My family has lived in the Shore Acres neighborhood of Cape Elizabeth for 26 years. During that time, we have enjoyed unfettered access to the ocean; it’s been terrific.

As letters to the editor have indicated (July 24; Aug. 9), some claim their shore access will be eliminated if the Cape Elizabeth Town Council vacates Surfside Avenue, a paper street.

Following the situation closely, it’s clearly not true. The Ocean View Association has no desire to change what is now excellent access (along the existing gravel path on Surfside), nor would there be any real changes we are aware of with respect to the undeveloped and impassable Surfside area between six abutting homes and the shore.

The council voted last fall in favor of extending the paper street primarily because the same people claiming that they’ll lose their shore access are intent on the town installing a Greenbelt path along that paper street. In talking with dozens of neighbors (not on the path route), we all feel this is a terrible idea for our little neighborhood.

The path itself would connect to nothing. Its length would be less than one trip around the high school track, and it abuts houses virtually along the entire route. This would be mean-spirited to the abutting houses’ residents. Strangers’ traffic would create unnecessary dangers to families with young children.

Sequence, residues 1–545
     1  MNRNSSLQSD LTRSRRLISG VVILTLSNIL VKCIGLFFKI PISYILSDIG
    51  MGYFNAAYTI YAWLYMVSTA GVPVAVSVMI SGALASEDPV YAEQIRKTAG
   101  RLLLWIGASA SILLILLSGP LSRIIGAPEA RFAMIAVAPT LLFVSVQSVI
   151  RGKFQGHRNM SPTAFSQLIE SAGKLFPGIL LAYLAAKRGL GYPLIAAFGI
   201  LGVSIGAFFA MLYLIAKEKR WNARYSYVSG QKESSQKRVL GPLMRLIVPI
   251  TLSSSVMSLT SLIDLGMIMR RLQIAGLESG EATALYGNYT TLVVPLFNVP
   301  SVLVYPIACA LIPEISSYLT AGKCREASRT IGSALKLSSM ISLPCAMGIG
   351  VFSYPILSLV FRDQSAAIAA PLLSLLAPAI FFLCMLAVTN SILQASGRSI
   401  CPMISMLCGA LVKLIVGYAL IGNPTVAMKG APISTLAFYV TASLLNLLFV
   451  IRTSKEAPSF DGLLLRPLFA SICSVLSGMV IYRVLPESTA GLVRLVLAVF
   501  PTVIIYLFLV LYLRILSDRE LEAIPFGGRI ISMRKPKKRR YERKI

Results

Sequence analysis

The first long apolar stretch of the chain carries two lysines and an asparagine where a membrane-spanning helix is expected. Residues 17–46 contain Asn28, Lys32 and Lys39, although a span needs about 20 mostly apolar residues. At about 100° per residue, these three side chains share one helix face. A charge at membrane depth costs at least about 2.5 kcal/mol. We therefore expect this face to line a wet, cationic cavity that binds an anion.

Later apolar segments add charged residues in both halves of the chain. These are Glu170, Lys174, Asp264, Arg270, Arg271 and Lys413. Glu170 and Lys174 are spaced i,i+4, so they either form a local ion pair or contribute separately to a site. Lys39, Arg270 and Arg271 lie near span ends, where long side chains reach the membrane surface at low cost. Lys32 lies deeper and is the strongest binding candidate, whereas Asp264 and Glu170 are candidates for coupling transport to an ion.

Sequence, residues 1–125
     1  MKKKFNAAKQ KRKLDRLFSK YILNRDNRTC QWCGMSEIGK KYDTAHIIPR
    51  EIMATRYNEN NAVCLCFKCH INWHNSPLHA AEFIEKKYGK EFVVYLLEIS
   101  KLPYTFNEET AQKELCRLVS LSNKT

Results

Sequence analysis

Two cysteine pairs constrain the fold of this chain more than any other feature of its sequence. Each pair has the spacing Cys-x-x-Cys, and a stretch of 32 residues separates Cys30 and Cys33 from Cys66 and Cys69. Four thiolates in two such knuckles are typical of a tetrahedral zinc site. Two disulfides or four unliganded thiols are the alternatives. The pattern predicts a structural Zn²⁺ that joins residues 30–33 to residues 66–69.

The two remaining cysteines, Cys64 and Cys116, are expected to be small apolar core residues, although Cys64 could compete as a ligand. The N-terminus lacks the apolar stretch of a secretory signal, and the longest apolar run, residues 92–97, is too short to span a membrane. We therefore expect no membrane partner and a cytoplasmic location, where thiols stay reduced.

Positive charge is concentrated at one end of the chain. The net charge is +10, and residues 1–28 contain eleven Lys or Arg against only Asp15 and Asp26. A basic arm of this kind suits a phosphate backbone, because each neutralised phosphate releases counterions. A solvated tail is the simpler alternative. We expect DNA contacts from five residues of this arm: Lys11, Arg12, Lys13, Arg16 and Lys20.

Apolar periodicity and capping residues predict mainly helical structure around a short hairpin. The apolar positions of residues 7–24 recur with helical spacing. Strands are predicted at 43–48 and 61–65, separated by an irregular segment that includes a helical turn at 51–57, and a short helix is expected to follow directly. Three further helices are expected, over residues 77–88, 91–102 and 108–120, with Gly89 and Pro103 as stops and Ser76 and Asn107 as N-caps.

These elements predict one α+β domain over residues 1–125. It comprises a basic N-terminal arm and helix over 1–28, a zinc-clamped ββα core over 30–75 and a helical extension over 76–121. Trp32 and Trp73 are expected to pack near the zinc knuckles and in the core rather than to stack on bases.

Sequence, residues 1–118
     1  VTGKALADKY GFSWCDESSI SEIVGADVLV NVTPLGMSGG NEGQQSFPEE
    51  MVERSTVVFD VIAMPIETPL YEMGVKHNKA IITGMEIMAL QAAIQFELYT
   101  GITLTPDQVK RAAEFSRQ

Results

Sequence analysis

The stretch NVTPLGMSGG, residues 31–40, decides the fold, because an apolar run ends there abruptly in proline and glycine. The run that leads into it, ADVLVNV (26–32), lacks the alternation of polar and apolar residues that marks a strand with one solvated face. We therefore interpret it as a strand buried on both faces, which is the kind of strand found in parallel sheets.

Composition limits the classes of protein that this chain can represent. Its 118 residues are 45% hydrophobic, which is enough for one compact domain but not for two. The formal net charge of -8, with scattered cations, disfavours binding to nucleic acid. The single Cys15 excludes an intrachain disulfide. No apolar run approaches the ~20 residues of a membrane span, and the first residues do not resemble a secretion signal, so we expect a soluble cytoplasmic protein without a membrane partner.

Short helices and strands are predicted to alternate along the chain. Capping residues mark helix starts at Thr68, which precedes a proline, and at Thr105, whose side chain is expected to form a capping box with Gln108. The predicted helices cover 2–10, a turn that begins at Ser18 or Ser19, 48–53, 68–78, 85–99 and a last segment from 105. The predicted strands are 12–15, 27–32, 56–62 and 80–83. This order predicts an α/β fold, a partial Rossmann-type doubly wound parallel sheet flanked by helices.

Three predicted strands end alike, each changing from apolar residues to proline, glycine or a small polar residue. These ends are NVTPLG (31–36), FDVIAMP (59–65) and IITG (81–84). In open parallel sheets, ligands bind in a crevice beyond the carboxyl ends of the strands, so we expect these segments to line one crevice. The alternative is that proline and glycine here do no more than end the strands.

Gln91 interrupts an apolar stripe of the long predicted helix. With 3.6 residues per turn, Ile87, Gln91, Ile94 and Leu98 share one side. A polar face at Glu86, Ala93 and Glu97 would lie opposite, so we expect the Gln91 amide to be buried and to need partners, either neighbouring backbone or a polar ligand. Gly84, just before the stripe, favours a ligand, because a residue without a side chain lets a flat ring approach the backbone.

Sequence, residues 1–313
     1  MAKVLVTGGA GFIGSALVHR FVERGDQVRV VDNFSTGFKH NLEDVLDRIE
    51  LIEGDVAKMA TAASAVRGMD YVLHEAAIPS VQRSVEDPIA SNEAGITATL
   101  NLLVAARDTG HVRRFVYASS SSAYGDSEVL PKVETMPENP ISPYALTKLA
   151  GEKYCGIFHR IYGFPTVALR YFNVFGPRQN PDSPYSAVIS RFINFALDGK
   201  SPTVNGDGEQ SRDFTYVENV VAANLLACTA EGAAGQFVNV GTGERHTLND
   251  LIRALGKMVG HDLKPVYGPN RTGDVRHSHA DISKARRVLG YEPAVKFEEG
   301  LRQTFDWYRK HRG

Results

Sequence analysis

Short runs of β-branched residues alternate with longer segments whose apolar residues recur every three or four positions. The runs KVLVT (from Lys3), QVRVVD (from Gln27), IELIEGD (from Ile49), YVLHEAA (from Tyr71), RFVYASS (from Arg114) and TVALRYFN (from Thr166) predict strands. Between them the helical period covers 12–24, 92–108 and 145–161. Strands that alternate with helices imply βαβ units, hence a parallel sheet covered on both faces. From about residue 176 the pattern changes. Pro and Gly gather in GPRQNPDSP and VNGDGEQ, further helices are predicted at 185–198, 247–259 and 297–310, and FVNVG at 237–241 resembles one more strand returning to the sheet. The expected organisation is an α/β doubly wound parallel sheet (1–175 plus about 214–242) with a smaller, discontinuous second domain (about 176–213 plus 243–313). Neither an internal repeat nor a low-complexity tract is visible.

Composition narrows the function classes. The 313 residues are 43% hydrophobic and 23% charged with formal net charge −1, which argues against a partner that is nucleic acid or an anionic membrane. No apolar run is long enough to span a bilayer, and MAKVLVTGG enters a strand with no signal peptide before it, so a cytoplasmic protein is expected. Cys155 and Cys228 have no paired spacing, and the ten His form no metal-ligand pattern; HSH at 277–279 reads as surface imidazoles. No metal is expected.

There is no parking. The streets are narrow, and the neighborhood itself is confusing directionally. A Greenbelt path here would be costly, dangerous and completely unnecessary, as the ocean access now (including the Surfside gravel path and the Trundy Point land trust beach-bluff) is fantastic, and won’t change with the vacating of the paper street.

These issues have deeply divided the neighborhood. We applaud the courage of the Cape Elizabeth councilors who vote in favor of vacating the paper street and eliminating this ridiculous public path from further discussion.

Andrew Ingalls

Cape Elizabeth